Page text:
“I hate to break it to you, but you are in a simulation right now,” says Charlie Brooker. I laugh, only half regretting revealing to the Black Mirror creator that unknowingly living in a simulated reality is one of my biggest fears. Of course, Brooker is joking (I hope) as he and co-creator Annabel Jones discuss series five of the Netflix series. True to the tone of the show, though, their distinct tongue-in-cheek proximity to an entirely plausible truth is a little too close for comfort.
“If you compare computer graphics in a game, they started out as Pong and it was two lines and a dot bouncing back and forth. Now you get photo realistic tennis players with every bit of stubble and hair and snot perfectly rendered,” Brooker adds. “So, it’s inevitable that we’ll get something that’s almost indistinguishable from reality eventually, but if we get to that point, would that be a bad thing? If we could make a wonderful world in which existence is nothing but a loop of you eating ice cream?”
Minus the brain freeze, this idea doesn’t sound all that bad. But I suppose the question remains, is human nature enough to counteract technological advancement? “That is the question at the heart of Black Mirror really, what you’ve nailed. And the answer is…” Brooker shrugs. Yeah, I was really hoping for a definitive answer, too.
I’d just been telling Brooker and Jones that of the three new episodes, I’m curious to see how conversation around “Striking Vipers” develops. This one sees old university mates Danny (Anthony Mackie) and Karl (Yahya Abdul-Mateen II) reconnect when they’re a bit older. Danny is somewhat happily married to Theo (Nicole Beharie) and Karl is a flashy bachelor who is dating a very pretty, much younger, phone-obsessed woman. Karl gifts Danny a new VR device for his birthday and events in this exciting virtual world quickly throw the reality of marriage, fantasy and intimacy into a life-changing perspective.
Thinking back to “Hang the DJ” and “San Junipero”, the Black Mirror episodes that have explored the murky, digitised future of love and relationships have often prominently lingered in the audience consciousness. I still wonder what my dating life would look like if it was ruled by ‘The System’ and the prospect of an eternal love beyond this world still has my head spinning. I have a hunch that “Sniping Vipers” will do the same. “Maybe the way people are questioning their relationships with their phones at the moment, whether it’s becoming all consuming, maybe VR will be the next relationship that people worry that their wish fulfilment or fantasy fulfilment with VR is challenging their grasp on reality and what it means for real life relationships,” Jones considers.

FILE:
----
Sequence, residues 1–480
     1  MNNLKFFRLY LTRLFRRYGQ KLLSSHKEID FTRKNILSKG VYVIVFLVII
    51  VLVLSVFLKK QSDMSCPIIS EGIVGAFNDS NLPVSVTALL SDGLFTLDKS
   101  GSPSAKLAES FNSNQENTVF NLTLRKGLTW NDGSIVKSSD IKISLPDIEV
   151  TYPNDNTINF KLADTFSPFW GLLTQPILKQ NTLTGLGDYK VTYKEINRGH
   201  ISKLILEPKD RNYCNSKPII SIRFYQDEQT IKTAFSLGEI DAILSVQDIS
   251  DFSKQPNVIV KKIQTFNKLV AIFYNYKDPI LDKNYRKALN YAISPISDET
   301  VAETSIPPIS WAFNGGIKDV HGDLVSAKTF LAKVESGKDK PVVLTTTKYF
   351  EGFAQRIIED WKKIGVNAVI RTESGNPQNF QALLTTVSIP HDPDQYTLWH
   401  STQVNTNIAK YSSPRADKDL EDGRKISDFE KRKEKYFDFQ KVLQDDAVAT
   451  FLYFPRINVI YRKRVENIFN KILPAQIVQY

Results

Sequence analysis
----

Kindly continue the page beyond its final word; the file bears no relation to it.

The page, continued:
“You know what I blame? I blame real life,” Brooker interjects. “If real life was better, no one would even look at their phone. Real life needs to pull its socks up. It’s really slacking!”
Real life is always just close enough to a future that he and Jones have been writing for the last nine years or so, though. Black Mirror is always just on the cusp of what we think could happen and often terrifies us into trying to avoid the actuality. But are there any ideas that the anthology masterminds have come up with that have been dismissed for going too far? “There’s a couple of things we’ve cut out because it would be tonally a bit off in the episode,” Brooker explains.
“In San Junipero, I’d started writing a scene where you see Gugu’s character [Kelly] in a kindergarten and then you realise afterwards that these are children who had died and been uploaded to this world.” The thought is like a punch to the stomach and a fist around your heart, isn't it? I felt it. “See!” Brooker says. “In many ways it was a beautiful image, but it was so heart rending [that] it destabilised everything else. So, sometimes we won’t put something in for that reason but other than that, we’re pretty comfortable…” Jones interrupts to joke that “other than that we have no morals, no sense of taste.” Brooker laughs and agrees: “Or guidance! No filter! We’re idiots!”
Black Mirror series five is available on Netflix now